The analysis of internet user types showed that the participants with the best two results are active and versatile internet users in their everyday life, i.e. they are very frequent internet users and use all available service groups (information, communication, entertainment, involvement). The two participants with the lowest scores are infrequent users and more focused on searching practical information. It is therefore to conclude that information literacy is very important in order to be successful in searching information on the Internet. The more active and wider is the use of various options available on the Internet, the more experienced a person is in the information search and the more successful (faster, more effective) is the information search and problem solving on the Internet.
The analysis of the participants´ assessments showed that easier questions did not necessarily mean that the questions were indeed easy for the participants. Even with the questions for which all
participants earned points, before a search, one-third of the respondents regarded finding an answer not easy, one-third easy and one-third could not tell whether it would be easy or difficult to find the answer. After the search, almost everyone thought that finding an answer was not more difficult than what they had thought before. With the complicated questions, the respondents who gave correct answers were not themselves certain that they had been correct. While with easier questions, the participants changed their opinion about the difficulty level of the question after the answer had been found, i.e. at first the question was thought to be difficult and then easy, with more complicated questions, the difficulty level was considered the same in most cases, i.e. not easy before and after the search.
In summing up the participants´ assessments, it can be said that the assessments were generally quite adequate. There were only few cases (18 to 22 cases of the total of 150) where finding an answer was considered easy and the amount of time spent on it low and many cases (41 to 48 cases, i.e. nearly one-third of the total of 150) where after the search a task was considered more complicated than expected and the amount of time spent on completing the task higher than expected.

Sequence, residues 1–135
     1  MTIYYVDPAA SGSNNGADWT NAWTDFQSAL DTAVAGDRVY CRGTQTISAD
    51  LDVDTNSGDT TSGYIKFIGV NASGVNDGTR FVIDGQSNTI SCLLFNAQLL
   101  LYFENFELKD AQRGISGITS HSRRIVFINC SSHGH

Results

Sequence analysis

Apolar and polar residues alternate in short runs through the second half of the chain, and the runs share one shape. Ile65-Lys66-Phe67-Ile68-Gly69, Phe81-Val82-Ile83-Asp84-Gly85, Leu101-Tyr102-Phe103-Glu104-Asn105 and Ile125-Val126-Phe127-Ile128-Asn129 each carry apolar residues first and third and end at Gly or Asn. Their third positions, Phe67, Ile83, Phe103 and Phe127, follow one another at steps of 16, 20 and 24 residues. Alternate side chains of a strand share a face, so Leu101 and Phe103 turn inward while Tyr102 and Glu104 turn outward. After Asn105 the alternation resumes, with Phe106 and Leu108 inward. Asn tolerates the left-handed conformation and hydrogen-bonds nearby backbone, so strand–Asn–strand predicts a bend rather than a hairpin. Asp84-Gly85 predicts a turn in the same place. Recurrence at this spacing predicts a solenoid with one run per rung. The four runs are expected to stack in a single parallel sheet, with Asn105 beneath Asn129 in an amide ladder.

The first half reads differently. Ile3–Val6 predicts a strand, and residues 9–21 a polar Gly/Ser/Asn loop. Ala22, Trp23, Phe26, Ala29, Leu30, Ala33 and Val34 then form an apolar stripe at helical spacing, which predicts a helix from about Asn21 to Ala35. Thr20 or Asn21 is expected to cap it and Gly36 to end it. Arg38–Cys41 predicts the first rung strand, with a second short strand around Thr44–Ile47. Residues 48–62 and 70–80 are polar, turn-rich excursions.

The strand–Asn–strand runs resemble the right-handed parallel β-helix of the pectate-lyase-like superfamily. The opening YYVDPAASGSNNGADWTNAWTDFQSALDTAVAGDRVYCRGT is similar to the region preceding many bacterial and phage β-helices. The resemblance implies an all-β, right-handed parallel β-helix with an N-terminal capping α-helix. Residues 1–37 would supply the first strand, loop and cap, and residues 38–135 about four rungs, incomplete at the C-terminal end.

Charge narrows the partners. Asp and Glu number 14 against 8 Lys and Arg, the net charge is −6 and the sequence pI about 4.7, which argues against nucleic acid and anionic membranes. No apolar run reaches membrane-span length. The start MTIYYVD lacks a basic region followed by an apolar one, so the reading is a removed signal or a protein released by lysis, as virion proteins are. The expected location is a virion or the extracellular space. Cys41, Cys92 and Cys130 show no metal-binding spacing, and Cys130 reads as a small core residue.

A relationship between assessments of the tasks and internet user types became evident. It appeared that the more active and versatile was the internet user, the more inadequate assessments were given to the tasks, i.e. there were more situations where after a search a question was regarded to be more complicated and time-consuming than before it. The participants who use the Internet less or are entertainment-oriented users were not so confident about their assessment or rather regarded a question more complicated or time-consuming from the beginning. This could be explained by the fact that more active, versatile and experienced internet users usually manage to find information easily and quickly but this experiment included complicated complex tasks that often cannot be solved so quickly.
Last but not least, the author compiled a list of suggestions for improving information search on the Internet based on the results obtained from the work. Some explanatory questions are of assistance.
1. Define the problem and information need
o Which general or common denominator characterises your problem/information need the best?
o Formulate your information need as precisely and briefly as possible!
2. Determine the resources
o What are the potential sources of the information?
o What are the potential strategies for fining information (for example, search engine catalogue, search term function of a search engine, a known address etc.)?
3. Information search or eliminating unsuitable options
o Try previously determined search strategies and information sources!
o Reformulate your search terms and/or question, try to specify or generalise them, use accurate synonyms!
4. Assess the relevance and quality of the found information
o Did you find a solution to your problem?
o Was the solution satisfactory or a new search is needed?||en